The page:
Summary (from the publisher): Two days before Tam and Tony Kwan receive their letter of acceptance for the son they are adopting from China, Tony and his estranged cousin Mia are killed unexpectedly in an accident. A shell-shocked Tam learns she is named the guardian to Mia’s five-year-old daughter, Angela. With no other family around, Tam has no choice but to agree to take in the girl she hasn’t seen since the child was an infant.
Overwhelmed by her life suddenly being upended, Tam must also decide if she will complete the adoption on her own and bring home the son waiting for her in a Chinese orphanage. But when a long-concealed secret comes to light just as she and Angela start to bond, their fragile family is threatened. As Tam begins to unravel the events of Tony and Mia’s past in China, she discovers the true meaning of love and the threads that bind her to the family she is fated to have.
My Rating: 4/5 Stars
The synopsis of Lyn Liao Butler’s Red Thread of Fate caught my attention as soon as I first heard about this book. The plot of Red Thread of Fate begins right from the get-go, as Tam’s husband, Tony, and his cousin Mia are killed in a car accident. While reeling from the unexpected death of her husband, Tam finds out that she is the guardian of Mia’s five year old daughter, Angela. As Tam tries to figure out Angela’s place in her life and determine exactly why Mia & Tony were both together when they died, she is also trying to figure out what to do with Charlie, the young boy that Tony and her are set to adopt from China in a few months.
I would categorize Red Thread of Fate as a family drama meets women’s fiction read, tackling motherhood, family, and love. There are many secrets revealed, as Tam pieces together why Mia would make Tam Angela’s guardian and her and Tony’s relationship. I do admit that I wasn’t really shocked by some of the secrets revealed until the last one revealed by Mia (trying to avoid spoilers). In addition, the book also focuses on Tam’s Taiwanese American upbringing and her husband and Mia’s childhood in China and then emigrating to America. I learned about a variety of topics, such as Taiwanese culture, immigration, life in China, and adoption, as Tam and Tony, after expiring a series of miscarriages, look to adopt a child from the Chinese adoption center that Tony’s mother had worked for. Lyn Liao Butler’s writing style was both informative about these topics while developing the plot and characters.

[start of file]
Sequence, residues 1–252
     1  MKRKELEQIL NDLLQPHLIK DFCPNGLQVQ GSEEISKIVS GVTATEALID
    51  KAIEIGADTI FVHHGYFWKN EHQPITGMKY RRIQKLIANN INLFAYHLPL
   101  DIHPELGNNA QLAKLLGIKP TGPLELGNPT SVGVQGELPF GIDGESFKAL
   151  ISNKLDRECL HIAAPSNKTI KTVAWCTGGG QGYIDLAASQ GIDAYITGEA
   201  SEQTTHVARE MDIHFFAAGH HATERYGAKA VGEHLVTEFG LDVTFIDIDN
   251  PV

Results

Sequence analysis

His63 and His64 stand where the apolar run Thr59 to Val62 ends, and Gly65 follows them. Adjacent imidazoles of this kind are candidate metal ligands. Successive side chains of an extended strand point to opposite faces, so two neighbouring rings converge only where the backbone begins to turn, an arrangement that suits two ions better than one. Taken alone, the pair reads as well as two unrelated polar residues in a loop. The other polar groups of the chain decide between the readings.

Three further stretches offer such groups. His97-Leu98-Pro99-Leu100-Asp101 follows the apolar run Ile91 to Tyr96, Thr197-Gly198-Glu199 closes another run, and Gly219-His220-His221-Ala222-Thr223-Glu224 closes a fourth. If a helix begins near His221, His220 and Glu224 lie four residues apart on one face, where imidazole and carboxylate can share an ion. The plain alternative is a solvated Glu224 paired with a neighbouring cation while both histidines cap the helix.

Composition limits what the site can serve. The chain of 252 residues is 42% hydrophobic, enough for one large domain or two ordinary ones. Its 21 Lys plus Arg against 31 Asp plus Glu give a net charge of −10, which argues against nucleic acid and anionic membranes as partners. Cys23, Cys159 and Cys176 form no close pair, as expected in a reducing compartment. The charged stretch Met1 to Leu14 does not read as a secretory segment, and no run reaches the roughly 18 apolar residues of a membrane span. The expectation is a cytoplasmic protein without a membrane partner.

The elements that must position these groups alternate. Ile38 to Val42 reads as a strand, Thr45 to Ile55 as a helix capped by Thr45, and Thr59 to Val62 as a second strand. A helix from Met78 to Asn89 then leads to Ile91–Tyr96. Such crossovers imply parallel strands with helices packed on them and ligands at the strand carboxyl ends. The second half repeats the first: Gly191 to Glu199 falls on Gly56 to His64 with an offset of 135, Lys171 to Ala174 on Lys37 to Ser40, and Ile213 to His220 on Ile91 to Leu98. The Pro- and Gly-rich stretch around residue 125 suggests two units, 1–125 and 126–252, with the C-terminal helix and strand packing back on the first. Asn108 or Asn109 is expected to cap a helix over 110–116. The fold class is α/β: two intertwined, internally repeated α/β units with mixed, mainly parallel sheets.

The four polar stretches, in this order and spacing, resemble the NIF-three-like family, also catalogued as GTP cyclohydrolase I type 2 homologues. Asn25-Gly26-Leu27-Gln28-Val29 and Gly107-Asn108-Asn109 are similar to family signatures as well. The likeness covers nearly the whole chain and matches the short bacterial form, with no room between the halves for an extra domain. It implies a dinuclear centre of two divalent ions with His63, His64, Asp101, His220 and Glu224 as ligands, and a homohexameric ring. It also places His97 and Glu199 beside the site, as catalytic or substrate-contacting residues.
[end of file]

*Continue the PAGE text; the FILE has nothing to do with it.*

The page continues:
Despite the many secrets & revelations, the book’s plot wasn’t exactly jaw-dropping in a thriller-like-way. I think that the reader becomes more invested in Tam & her role as a mother, welcoming Angela and Charlie into her life, vs. being shocked by ‘threads’ connecting the people and relationships in her life. The book did fall flat in certain aspects – without spoilers, I thought there would be some type of murder mystery, but the person semi-responsibility for Mia and Tony’s deaths gets to walk away?? I thought one of Mia’s flashbacks was setting someone up as responsible…
Overall, I enjoyed the family focus and character journey within Red Thread of Fate. If you enjoy family dramas, definitely pick this one up!
This review is based on a finished copy provided by the publisher for review. By no means did receiving this review copy affect my thoughts & opinions.
Have you read Red Thread of Fate? Have you read Lyn Liao Butler’s The Tiger Mom’s Tale? Share in the comments!